Gorkhaland tells its tales

Shikha Neupane / Kathmandu: ‘Alu kaati tarkari tamalai, nachalaunu Gorkhali aamalai’

This line from a song in Chuden Kabimo’s debut novel Faatsung can be seen as a rallying cry for the Gorkhaland movement of the 80s. But the rhyme is more than an activist’s call to arms–in Faatsung, it sums up the aspirations–and alienation–of the people of Darjeeling.

A story about a generation fighting for a dream they were once shown, Faatsung is a story we are all familiar with. The book can be viewed as an extension of the writer’s critically-acclaimed previous work (1986), a collection of stories, for which he was awarded the ‘Yuwa Sahitya Academy Award’ in 2018 by the Government of India. So we’ve heard this tale before, but this time, Kabimo gives us characters we can empathise with, thus propelling the story towards something that feels more personal.

Faatsung unfolds when Ripden and his best friend, the narrator, attempt to find out what happened to Ripden’s father, Norden, during the Gorkhaland movement. Through Nashim, Norden’s friend, a struggle for identity, protest, hope, helplessness and political manipulation unfolds.

A novel about ordinary people who have not-so-ordinary dreams, Faatsung takes readers on a ride through Darjeeling–Malibung, Pubung and Kalibung–and to the stories that lie there. Inspired by true events, the focal point of the story remains characters like Norden, Naashim, Surya, and Chief, all of whom are actively involved in the Gorkhaland movement. The novel is not a single story–it is composed of multiple storylines involving identity, justice, rights, politics, and freedom, all told through characters that are alive.

Through Kabimo’s narration readers get to be active participants in the events that unfold, witnessing every moment first hand. Kabimo puts readers into the shoes of the protagonist and makes them a part of the struggle, so that we feel all of the anger, grief, helplessness and frustration that the protagonist feels, integrating us readers into the Gorkhaland movement, no matter where we might be from.

Kabimo also writes dialogue in such a way that it helps depict the nature of the characters. Nashim, who is actively involved in spreading information about the andolan, asks a question, “Yo andolan chahi kina vako? Ke ho julush”–why is this revolution happening? What is this procession?. The answer he gets from Surya is that Nashim is not a leader so he cannot know everything. This speaks to how unjust social hierarchy is, and how it strips an individual of their free will.

The narrative too defines the characters’ naïve and gullible natures. Norden is committed to burning Article 7 of the Nepal-India Treaty of Peace and Friendship since it has been commanded from on high, unaware of what’s written on it. The characters reveal their own story about how they end up getting involved with Gorkhaland Movement. For instance, Ramprasad decides to join the Gorkhaland andolan after he hears a speech which claims that in the future Gorkhaland, even a pig will eat ‘nuniya’, a variety of prized rice, and there will be a swimming pool in every household.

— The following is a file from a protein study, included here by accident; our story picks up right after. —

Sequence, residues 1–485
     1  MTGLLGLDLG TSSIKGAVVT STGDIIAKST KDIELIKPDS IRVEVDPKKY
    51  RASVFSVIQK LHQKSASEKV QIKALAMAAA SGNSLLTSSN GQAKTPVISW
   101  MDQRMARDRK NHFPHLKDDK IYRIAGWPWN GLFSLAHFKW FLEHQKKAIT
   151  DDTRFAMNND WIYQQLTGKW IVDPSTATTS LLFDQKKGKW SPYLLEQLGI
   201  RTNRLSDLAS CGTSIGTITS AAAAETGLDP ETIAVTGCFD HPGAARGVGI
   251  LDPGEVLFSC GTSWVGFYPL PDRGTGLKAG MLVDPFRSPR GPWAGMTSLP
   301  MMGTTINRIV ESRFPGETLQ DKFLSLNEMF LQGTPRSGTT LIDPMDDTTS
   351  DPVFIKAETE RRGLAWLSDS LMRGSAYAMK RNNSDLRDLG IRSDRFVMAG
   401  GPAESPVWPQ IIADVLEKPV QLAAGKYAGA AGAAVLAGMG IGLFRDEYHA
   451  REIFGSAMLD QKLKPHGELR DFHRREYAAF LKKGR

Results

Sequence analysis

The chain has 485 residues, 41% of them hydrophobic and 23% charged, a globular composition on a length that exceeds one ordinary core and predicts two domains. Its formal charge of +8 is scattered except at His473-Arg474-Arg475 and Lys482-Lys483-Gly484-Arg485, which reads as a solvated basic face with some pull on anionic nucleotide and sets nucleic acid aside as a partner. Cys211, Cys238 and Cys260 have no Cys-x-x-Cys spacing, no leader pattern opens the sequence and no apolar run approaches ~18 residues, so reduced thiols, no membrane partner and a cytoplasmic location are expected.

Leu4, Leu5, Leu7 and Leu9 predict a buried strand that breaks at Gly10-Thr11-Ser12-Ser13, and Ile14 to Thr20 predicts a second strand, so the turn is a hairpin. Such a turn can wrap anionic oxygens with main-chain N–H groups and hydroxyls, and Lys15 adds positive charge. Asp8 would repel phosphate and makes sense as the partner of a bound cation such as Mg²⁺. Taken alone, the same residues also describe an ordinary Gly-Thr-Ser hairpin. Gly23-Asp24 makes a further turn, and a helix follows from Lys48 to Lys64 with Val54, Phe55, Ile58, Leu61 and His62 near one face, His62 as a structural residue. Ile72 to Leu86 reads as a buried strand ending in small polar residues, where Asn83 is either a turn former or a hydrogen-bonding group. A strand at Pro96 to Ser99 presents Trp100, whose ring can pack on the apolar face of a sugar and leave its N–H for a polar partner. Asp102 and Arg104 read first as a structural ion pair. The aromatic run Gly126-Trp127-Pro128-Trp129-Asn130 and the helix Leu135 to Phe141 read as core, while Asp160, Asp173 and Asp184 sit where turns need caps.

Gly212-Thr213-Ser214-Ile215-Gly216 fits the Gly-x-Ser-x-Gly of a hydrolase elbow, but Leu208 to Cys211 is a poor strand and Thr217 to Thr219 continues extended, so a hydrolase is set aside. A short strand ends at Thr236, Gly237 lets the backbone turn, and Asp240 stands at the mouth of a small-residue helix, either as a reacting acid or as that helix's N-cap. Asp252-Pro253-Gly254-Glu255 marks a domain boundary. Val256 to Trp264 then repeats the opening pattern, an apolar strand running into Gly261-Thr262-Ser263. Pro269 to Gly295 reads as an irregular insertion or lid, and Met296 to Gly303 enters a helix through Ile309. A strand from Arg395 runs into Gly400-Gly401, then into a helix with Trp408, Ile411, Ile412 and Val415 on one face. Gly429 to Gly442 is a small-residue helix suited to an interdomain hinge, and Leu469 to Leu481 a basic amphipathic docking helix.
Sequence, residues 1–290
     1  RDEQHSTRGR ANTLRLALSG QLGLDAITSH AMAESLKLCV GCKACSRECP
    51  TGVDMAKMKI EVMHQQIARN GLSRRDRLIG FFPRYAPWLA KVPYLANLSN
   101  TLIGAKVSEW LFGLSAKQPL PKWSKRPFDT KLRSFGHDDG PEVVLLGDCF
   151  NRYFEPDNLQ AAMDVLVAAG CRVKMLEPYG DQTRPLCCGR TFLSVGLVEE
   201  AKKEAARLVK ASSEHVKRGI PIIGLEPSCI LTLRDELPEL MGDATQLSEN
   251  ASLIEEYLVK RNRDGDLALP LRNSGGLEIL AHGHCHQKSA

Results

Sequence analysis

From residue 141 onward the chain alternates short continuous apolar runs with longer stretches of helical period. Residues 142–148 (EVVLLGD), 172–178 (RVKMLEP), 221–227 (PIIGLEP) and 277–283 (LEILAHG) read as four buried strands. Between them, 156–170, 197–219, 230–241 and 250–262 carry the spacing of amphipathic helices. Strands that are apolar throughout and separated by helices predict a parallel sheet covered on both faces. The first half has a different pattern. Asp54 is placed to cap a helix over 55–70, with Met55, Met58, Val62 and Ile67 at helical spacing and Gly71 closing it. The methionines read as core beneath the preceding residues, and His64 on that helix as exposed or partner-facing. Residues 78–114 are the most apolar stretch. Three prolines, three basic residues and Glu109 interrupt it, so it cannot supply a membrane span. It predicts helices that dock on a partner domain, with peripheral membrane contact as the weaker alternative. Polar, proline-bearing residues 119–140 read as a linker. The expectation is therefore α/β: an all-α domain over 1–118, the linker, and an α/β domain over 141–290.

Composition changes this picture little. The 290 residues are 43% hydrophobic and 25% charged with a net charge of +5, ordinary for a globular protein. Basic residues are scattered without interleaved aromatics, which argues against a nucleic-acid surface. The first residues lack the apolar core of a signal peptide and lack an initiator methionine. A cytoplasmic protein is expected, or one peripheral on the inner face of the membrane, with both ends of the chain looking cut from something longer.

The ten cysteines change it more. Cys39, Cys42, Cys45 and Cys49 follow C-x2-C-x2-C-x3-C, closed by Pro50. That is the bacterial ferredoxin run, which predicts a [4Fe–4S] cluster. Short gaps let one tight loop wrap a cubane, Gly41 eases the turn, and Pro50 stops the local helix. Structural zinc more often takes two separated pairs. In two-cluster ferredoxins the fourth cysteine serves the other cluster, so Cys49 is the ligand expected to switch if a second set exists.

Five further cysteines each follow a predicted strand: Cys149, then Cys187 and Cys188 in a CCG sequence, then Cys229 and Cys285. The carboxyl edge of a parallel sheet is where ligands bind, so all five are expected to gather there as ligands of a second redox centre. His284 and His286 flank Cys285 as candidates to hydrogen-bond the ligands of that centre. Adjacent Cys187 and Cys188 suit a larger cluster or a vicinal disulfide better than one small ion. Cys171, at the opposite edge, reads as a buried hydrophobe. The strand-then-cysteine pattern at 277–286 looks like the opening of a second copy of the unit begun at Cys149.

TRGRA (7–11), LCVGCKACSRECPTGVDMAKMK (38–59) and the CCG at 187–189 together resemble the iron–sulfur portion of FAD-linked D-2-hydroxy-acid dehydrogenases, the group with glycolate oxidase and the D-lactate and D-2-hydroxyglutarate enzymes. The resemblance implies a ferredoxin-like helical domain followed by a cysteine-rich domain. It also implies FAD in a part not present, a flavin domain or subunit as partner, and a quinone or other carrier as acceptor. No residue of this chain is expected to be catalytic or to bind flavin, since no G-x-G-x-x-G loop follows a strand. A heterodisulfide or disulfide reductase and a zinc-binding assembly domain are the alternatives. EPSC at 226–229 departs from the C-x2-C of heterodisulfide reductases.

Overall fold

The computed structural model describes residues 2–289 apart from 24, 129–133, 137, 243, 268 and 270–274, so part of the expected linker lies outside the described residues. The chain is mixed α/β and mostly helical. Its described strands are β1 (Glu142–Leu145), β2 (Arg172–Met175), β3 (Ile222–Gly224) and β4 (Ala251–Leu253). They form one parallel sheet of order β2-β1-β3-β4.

As the novel moves towards ever-more powerful stories, more characters are introduced. Rachela, Ramprasad and Nepte all contribute to the narrative in such a way that the storytelling intensifies. But the introduction of new characters does not always seem to work, as it also makes us wonder what happened to the others. For instance, Ripdani, Norden’s love interest, is present but we never get to hear her side of the story.

What the novel takes aim at seems to be the politics that emerged out of the Gorkhaland movement in late 80s, which began in 1986 and came to a seeming end with an agreement with the Darjeeling Gorkha Hill Council in 1988, although the movement would continue well into contemporary times. The novel attacks the political culture that developed after that agreement and the leaders who came out of the agreement, hopping on the back of the Gorkhaland cause to propel themselves to power.

The political agendas during the movement were constructed in such a way that they compelled the public to believe in them, no matter what. However, as many activists began to realise that their actions don’t actually influence the final decisions being made, they felt betrayed. Faatsung sums up this political and social movement.

But the novel’s true greatness is in its underlying themes of friendship, a longing for belonging, and an insatiable desire to cultivate opportunities without discrimination and oppression–all themes not too alien to the Nepali people. Various events in the novel will remind Nepali readers of the Janaandolan and the many Nepali movements that provoke sympathy for the Nepali-origin populace of Darjeeling who are still fighting for recognition as Gorkhaland. Even some phrases will remind Nepali readers of our own ‘Gaun gaun bata utha, basti basti bata utha’, such as ‘Binduli tika ke tika, sindur ko tika ke tika, mato ko tika raja tika, mato ko tika rani tika.’ (This couplet essentially states that the soil of the motherland is what should adorn one’s forehead, not accessories like bindis and sindur.)

Kabimo embraces his Darjeeling heritage, and the prose in Faatsung is uniquely flavoured with Darjeeling lingo. Kabimo has performed the near-impossible feat of realising the dreams of an entire population into a book, of grasping decades of armed resistance through words, and justifying the blood of thousands through ink.

Faatsung is a story well told, one that does not fail to evoke human emotions intricately bound with a movement for recognition, identity, and rights.

Book: Faatsung

Author: Chuden Kabimo

Pages: 150

Publisher: FinePrint

Price: Rs 300 (Source: The Kathmandu Post)

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